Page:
Social engineering and economic tomfoolery are on display more prominently than usual in the United Kingdom amid calls for minimum prices on alcohol. “‘When beer is cheaper than water,”
sermonized nanny David explained Prime Minister David Cameron, “it’s just too easy for people to get drunk on cheap alcohol at home before they even set foot in a pub.”
From the Telegraph:
The Prime Minister will indicate today that a minimum price of 40p per unit of alcohol in England and Wales will be set under laws to be introduced later this year.
Supermarkets and other retailers will be barred from offering “multi-buy discount deals.”
Mr. Cameron will acknowledge that the alcohol crackdown will not be “universally popular.” But he will insist that the move is necessary to stop the “scourge of violence” caused by binge drinking.
The minimum price, demanded by medical groups, will mean that a bottle of wine cannot be sold for less than £3.60; a can of lager will cost at least 80p; and a bottle of spirits between £10.40 and £11.20.
Price controls are seldom economically prudent: for starters, the price floor would cannibalize the liquor industry at a time when England can’t exactly afford a reduction in national output. But Cameron’s chief objective, as he made clear, is to reduce Britons’ alcohol consumption: “I know this won’t be universally popular. But the responsibility of being in government isn’t always about doing the popular thing. It’s about doing the right thing.”
Is it really “the right thing” to protect citizens from their own voluntary–if imprudent–choices? Laws against drunk driving, theft, battery and assault protect citizens from one another (and debate over the link between intoxication and violence rages on in Britain). But price controls to curb consumption only increase the financial cost of purchasing alcohol for the individual user; if government officials are to be believed, this will reduce the amount of alcohol consumed, and therefore alcohol-related disturbances, too.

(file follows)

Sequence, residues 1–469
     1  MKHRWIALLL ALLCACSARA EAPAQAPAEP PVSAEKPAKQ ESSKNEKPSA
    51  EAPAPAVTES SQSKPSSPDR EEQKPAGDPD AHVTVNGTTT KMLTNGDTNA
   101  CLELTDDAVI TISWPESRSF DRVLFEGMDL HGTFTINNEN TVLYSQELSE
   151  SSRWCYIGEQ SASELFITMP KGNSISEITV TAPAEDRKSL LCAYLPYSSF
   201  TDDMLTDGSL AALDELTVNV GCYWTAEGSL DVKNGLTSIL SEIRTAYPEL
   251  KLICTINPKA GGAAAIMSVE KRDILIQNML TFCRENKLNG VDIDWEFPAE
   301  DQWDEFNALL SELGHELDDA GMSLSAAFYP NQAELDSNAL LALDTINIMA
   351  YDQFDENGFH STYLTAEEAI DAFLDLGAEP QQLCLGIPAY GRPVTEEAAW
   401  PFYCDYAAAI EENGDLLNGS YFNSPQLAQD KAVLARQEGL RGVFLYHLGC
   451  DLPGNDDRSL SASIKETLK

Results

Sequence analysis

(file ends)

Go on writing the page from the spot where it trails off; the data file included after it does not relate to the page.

But calls to reduce the supply of alcohol ignore the fact that it’s much harder to reduce demand for alcohol. The British government can only regulate the public market for alcohol: if the law required all alcohol producers to publicly register so the Exchequer could squeeze their business with taxes and regulations, does anyone doubt underground production would surge? Even if law enforcement cracked down on bootleggers, would constables really be able to catch all the malcontents, and before they could distribute their brew? Wouldn’t this expansion of the shadow economy for booze increase the very crime and violence Cameron intends to reduce?
Ironically enough, government taxes likely would increase the price consumers paid for alcohol. But the government wouldn’t be collecting this in the form of tax revenue: bootleggers would command high prices to compensate the risk of illicit activity. A violent drug war to wipe out competition could increase their market power, too. The price for alcohol would exceed the price in a competitive market, but the value-added would line bootleggers’ pockets, not government coffers.
Cameron’s call to impose an alcohol price floor is worse than a sanctimonious decree from the nanny state: it would increase crime and violence, present innumerable quality-control concerns and likely not reduce alcohol consumption in the United Kingdom.
For more about self-righteous politicians:
For more about the follies of prohibition: